City issue

Urban Theory, articles and research

The new paradigm – The American cities or after the foreclosures what ?

By Constantina Theodorou, published in the periodical edition “Architektones” of the Greek union of architects, issue 8, December 2013

A picture of the near future seems to come from the towns of the American heartland, Detroit, Baltimore, Philadelphia, etc. Having faced a huge disaster, with their population decreased by half and with miles of empty properties in the hands of banks, corporations or municipalities, they currently go on a spectacular flourishing of cooperative projects, crowdfunding, crowdsourcing and participatory planning, actually under the auspices of the same municipalities or companies. It seems paradoxical, almost suspicious, in the country upholder of the free market economy, to emerge so original neighbourhood movements, however, like all facts demonstrate, there is no other alternative.

The procedure followed on the way to disaster looks quite familiar. In a difficult circumstance, after the exit of major automakers, which removed half of the population and left unemployed the other half, the respective municipalities not only didn’t they help with the situation, but imposed even heavier taxation on house property. This, combined with red loans, which largely had a racial determination, led to defaulted debts and charges, and from there on to foreclosures,  desolation and destruction .

Banks have a huge share of responsibility for the decimation of cities since they proceeded to confiscations, expelling the residents, without being able to bring in new ones or develop in other ways the seized property, either by overlooking to acquire the property officially in order to avoid taxation , – which means that without entitlement the property could not be sold – either by acquiring them officially, but failing to pay taxes and dues. The result was that those properties arrived in auctions with a heavy historic.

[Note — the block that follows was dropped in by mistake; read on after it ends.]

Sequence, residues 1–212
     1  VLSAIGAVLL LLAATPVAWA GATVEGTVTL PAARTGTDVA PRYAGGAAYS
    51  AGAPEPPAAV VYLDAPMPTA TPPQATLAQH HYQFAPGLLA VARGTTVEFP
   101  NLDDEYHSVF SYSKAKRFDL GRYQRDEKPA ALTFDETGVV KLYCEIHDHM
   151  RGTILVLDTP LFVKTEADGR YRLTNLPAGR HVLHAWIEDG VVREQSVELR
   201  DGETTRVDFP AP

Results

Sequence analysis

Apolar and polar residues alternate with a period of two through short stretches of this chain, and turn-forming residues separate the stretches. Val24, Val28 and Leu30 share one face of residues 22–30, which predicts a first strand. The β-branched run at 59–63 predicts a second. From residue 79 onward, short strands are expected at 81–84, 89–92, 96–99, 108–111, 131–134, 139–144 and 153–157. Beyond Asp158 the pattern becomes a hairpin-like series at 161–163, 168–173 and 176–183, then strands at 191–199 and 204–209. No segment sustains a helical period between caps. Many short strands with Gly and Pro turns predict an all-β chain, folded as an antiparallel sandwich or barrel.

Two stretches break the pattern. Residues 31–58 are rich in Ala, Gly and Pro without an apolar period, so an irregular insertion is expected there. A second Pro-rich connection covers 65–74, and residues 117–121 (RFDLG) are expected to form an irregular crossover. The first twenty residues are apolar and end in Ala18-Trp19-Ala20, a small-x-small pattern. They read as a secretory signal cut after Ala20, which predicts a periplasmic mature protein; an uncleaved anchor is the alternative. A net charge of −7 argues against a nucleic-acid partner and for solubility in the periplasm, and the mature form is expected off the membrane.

photo Jeff Kowalsky, Detroit, 2013

So, as the buildings become hostages of the  banks, which do not care about them , and the municipalities cannot also look after them, the trading gets difficult or remains stagnant , the population continues to decline and the municipality lacks  valuable dues . Basic municipal services – transportation , cleaning , lighting , policing – in entire regions are abolished , entire neighbourhoods are conceded to the homeless and Detroit is portrayed as a crime spot . The only solution for municipalities is the concentration towards the centre and shrinking  through extensive demolitions , which however cost much . For individuals, the fires and arsons, which spread  beyond control,  is the only effective way to get rid of property taxes .

In this nightmarish scenery, even up to two months ago when there was the official  announcement of the bankruptcy of Detroit, for some it seemed as the ideal field for speculation, for huge investments and massive gentrification-  homes for sale starting from $ 1, whole neighbourhoods vacant, a true bargain.
However, the devastation and degradation have advanced to such a degree that there is no prospect for investors and those who bought in bulk properties, added another sore in the city, unable to evaluate, use and look after them. The $ 1 houses remain unsold for over a year – and the truth is that many of them are ruins, or matted with mortgages –. They  are of no interest to investors, but not even to those seeking just a basic lodging, as no one can find job there .

photo Jeff Kowalsky, Detroit, 2013